- Honesty is central to being trustworthy. Say what you mean and mean what you say. Honesty is important to building trust with an audience.
- Admit what you don’t know. If you don’t know the answer to a question say so.
- Do what you say you will do. Keep your commitments and promises. If you show you’re reliable people will learn to trust you.
- People who are trustworthy do not only have the expertise, they also have the skills and experience necessary to get results.
- Be fair and unbiased presenting multiple perspectives on the topic. Trustworthiness is enhanced when you present information from multiple perspectives, in an objective and balanced way.
- Always cite credible sources when providing data and information.
We are more open to persuasion by people we view as credible. Credibility consists of two core components trustworthiness and expertise. We discussed trustworthiness above. Expertise is about what you know about your topic. The audience perception of your expertise is shaped by many factors:
- Your education, certification and knowledge relating to the topic.
- Your track record, skills and achievements relating to the topic.
- Your years of experience and reputation relating to the topic.
- Recognition received from institutions and peers relating to the topic.
- Ensure your audience knows about your expertise and experience. You many need to remind the audience of your knowledge, skills, expertise and experience.
- Speak with confidence, making eye contact. If you want people to believe you, you must show that you believe yourself. Speak confidently as though you cannot be challenged.
- Prepare well and know what you’re talking about.
- Share your biography before you present to a new audience.
- Show practical wisdom. Practical wisdom refers to your ability to determine what’s worth doing together with the ability to get it done. It’s about showing that you’re sensible as well as knowledgeable. Show how your practical experience has benefited others.
We are more easily persuaded by those who are like us. If you’re perceived similar to your audience they will be more open and receptive to your ideas. If you share some of the same characteristics as your audience you’re off to a good start! If you don’t there are a number of things that you can do to adapt and thereby increase your influence. The idea is to identify common traits that you share with your audience. By identifying and communicating traits that show you similar to your audience you increase the audience’s openness to your message. There are a number of traits you can use to show that you’re similar to your audience to boost your ethos. You can use any of the following traits to show how you’re similarity to your audience:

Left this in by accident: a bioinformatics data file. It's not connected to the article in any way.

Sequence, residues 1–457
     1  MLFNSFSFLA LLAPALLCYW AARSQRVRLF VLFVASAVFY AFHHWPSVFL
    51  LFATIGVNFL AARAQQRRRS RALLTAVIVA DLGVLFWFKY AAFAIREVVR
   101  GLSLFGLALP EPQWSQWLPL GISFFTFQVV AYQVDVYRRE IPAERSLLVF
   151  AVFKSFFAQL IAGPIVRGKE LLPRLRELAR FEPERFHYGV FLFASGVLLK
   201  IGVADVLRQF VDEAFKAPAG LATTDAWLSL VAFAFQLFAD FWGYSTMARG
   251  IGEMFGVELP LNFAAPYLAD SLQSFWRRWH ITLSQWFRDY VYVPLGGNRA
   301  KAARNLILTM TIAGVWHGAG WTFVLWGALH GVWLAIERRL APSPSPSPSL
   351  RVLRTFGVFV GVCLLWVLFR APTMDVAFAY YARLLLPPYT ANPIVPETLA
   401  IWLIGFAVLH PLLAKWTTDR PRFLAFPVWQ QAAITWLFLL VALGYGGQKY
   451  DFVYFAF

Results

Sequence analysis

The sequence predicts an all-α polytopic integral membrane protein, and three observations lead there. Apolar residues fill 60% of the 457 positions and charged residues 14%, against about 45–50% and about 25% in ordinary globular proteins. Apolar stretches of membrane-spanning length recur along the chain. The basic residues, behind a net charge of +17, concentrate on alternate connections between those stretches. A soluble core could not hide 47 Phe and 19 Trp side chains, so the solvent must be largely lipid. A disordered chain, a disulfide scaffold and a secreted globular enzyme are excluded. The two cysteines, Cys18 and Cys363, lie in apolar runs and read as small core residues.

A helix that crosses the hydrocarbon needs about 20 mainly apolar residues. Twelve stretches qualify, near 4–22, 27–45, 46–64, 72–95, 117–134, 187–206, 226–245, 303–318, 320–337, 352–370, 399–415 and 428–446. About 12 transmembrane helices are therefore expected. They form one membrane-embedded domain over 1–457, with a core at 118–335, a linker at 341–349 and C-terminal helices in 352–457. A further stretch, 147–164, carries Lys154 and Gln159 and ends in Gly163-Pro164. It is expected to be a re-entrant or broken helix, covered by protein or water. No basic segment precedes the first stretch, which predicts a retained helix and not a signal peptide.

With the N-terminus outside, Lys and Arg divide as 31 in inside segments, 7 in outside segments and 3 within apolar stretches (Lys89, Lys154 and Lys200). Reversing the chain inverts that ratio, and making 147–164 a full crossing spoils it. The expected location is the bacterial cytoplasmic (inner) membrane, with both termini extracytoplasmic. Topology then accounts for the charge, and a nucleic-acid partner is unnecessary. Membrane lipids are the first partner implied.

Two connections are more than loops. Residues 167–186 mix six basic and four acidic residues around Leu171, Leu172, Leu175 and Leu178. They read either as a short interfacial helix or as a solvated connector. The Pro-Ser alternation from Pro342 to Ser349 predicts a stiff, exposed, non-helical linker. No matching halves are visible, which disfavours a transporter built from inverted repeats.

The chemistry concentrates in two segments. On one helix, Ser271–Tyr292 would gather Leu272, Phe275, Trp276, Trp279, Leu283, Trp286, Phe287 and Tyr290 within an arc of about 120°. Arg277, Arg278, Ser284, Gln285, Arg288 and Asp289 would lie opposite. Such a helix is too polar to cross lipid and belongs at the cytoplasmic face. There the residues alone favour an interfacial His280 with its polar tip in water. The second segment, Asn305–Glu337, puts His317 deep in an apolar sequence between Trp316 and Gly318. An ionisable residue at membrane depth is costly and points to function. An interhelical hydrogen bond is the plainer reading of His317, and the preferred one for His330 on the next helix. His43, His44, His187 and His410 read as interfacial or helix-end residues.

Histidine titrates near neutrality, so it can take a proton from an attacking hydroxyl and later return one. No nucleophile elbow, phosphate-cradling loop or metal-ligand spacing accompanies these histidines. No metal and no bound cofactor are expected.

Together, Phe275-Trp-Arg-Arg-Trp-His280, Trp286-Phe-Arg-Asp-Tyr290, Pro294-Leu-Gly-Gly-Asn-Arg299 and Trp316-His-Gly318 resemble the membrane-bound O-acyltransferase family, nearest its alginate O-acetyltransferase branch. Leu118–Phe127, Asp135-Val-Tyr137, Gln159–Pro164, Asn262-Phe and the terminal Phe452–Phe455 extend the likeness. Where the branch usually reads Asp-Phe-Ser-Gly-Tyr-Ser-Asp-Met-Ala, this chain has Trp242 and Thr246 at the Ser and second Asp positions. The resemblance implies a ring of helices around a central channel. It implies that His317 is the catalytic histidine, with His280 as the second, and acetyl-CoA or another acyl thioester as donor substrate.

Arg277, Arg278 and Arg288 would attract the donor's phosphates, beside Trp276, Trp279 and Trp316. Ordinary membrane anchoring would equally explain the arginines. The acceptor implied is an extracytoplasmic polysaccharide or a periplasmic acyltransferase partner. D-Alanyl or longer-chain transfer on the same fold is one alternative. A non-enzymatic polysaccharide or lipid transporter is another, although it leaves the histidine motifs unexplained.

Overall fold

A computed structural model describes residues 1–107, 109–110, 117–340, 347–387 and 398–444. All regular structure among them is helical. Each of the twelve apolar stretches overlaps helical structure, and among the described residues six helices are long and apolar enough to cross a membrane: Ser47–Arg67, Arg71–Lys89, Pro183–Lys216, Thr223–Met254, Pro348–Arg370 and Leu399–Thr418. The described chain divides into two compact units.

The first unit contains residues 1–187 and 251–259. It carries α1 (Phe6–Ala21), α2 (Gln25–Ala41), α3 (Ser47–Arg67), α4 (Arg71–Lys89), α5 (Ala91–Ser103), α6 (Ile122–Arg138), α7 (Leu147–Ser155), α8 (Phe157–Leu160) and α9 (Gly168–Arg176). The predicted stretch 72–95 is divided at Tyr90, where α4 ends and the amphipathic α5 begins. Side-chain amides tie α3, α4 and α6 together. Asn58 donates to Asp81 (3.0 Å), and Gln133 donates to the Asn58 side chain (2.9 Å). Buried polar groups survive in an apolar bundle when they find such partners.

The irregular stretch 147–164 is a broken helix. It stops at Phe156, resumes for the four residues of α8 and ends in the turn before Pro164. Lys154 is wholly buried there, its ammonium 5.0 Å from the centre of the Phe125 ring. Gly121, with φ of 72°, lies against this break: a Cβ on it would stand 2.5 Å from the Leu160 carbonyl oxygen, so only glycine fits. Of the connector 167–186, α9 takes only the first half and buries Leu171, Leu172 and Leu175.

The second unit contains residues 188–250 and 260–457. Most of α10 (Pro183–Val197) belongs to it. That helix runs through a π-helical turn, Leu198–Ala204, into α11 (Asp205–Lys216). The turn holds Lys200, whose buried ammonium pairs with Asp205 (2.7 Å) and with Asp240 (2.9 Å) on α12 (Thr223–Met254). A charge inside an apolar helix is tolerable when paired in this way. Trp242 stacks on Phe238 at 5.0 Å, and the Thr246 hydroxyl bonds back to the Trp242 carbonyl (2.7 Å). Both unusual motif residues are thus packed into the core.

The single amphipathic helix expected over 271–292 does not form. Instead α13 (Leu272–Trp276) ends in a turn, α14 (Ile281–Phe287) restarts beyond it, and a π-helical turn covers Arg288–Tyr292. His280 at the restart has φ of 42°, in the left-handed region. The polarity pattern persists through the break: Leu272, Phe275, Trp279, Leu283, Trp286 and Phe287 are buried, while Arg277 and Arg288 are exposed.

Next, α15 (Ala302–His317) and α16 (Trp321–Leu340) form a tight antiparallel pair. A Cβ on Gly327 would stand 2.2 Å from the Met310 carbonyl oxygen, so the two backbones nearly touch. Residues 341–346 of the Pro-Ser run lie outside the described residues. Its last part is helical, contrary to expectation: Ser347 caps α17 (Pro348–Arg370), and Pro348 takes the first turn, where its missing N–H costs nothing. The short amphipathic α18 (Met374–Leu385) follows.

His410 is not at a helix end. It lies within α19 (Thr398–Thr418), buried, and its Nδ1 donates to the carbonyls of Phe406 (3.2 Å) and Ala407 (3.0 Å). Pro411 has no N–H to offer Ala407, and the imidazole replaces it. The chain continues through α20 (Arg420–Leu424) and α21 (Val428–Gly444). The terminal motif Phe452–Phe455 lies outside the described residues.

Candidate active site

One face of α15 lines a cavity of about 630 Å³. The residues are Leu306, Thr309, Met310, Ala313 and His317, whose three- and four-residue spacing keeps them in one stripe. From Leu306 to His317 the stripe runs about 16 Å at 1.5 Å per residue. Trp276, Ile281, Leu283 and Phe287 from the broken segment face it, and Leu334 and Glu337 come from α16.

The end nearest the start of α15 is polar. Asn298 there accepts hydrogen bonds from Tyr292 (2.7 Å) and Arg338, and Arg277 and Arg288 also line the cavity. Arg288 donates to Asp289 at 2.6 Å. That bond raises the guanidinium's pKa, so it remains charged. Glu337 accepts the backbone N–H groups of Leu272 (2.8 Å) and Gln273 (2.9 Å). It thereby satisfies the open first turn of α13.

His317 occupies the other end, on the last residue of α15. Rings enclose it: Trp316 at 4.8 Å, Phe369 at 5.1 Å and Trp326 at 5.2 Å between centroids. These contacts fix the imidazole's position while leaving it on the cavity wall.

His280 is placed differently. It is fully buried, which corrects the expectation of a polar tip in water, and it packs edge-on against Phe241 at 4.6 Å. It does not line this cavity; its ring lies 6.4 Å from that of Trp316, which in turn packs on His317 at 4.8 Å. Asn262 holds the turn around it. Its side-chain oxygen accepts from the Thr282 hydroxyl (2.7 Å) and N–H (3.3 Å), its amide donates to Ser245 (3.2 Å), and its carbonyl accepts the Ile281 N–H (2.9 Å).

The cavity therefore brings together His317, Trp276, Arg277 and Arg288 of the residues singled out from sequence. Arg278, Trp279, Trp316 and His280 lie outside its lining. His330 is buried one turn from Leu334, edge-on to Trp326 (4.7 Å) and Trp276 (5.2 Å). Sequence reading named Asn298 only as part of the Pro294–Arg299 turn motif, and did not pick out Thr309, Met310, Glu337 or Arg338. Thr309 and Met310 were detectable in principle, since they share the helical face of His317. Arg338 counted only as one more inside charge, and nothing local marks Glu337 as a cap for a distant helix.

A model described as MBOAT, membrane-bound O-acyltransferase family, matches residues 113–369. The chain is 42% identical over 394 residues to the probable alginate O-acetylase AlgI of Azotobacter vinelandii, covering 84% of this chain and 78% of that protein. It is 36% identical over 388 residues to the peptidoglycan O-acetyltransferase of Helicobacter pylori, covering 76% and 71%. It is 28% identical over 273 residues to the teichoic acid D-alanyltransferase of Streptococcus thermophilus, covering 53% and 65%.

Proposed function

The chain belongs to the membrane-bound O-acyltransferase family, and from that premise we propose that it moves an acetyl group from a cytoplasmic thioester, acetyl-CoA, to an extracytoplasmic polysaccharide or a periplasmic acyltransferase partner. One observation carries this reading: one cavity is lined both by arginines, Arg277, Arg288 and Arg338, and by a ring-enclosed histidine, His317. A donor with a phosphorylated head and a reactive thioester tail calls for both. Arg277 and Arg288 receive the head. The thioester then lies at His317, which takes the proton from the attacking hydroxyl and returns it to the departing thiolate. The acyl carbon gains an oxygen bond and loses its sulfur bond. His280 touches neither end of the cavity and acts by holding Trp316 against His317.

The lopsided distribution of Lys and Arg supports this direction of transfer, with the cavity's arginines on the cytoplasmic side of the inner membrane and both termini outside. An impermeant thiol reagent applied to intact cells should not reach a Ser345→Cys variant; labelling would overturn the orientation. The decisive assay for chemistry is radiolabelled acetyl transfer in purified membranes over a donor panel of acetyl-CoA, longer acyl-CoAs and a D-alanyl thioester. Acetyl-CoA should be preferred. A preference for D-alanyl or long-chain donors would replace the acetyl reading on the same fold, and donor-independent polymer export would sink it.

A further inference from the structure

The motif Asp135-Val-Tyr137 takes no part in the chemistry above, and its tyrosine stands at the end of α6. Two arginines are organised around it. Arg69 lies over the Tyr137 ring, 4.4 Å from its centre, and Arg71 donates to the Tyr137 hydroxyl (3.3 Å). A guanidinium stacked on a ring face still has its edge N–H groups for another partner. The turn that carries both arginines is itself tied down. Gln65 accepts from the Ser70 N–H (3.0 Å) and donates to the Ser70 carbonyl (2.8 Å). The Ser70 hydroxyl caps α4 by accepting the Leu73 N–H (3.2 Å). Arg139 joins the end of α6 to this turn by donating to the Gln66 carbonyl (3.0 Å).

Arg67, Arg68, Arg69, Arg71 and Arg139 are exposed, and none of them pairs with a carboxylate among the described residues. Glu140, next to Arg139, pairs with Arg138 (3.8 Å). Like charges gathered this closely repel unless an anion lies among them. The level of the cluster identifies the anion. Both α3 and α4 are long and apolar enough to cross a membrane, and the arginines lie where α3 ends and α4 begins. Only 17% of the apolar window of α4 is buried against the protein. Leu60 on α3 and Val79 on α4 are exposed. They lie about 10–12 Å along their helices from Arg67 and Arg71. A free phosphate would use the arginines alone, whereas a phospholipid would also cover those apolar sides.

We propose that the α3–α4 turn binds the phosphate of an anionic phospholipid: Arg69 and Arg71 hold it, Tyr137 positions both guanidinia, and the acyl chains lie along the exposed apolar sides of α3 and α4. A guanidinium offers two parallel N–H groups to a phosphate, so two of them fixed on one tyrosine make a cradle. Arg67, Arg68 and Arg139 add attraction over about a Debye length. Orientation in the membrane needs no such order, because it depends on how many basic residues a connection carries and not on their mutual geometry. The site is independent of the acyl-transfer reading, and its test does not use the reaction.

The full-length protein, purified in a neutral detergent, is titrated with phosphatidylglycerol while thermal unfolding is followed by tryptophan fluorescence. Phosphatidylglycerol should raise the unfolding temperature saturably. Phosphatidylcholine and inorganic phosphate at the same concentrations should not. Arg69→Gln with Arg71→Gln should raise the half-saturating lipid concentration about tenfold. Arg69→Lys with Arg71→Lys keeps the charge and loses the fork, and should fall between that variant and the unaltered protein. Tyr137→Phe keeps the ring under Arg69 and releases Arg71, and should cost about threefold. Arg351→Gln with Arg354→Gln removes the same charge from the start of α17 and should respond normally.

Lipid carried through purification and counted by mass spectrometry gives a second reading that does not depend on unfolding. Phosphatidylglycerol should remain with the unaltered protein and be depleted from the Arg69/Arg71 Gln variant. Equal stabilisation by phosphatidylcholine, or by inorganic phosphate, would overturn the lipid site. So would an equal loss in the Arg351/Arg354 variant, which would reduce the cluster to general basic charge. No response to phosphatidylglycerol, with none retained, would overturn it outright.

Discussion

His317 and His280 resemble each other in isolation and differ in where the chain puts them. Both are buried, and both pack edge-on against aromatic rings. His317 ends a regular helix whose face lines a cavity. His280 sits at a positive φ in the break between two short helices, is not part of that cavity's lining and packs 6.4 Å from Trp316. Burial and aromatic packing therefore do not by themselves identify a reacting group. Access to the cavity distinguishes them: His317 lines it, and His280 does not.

- Demographic Similarities. Age, culture, ethnicity, race, gender, country of birth. For example a female audience will be more receptive to and more easily identify with a female speaker and their experiences.
- Professional Similarities Profession, organisations, industry, career history or common challenges. For example an audience within a specific industry would be more open to someone who has had experience working in the same industry.
- Personal Similarities Personality, extrovert, introvert, personal motivations, challenges and difficulties. An audience will be more open to someone who has experienced similar challenges and difficulties.
5. Language and Style
The ethos of a speaker is improved by adopting a language and style appropriate to the audience. This means using language, words and jargon that resonates with your audience. Where possible seek to use the same language that your audience would use to describe the concepts you’re presenting.
- Use an appropriate level of vocabulary.
- Use definitions to add clarity.
- Use facts, data and statistics to support your argument.
- Avoid jargon and acronyms not familiar to your audience.
- Use vivid and concrete language.
- Use stories and example to illustrate your points.
- Show enthusiasm and passion for your topic.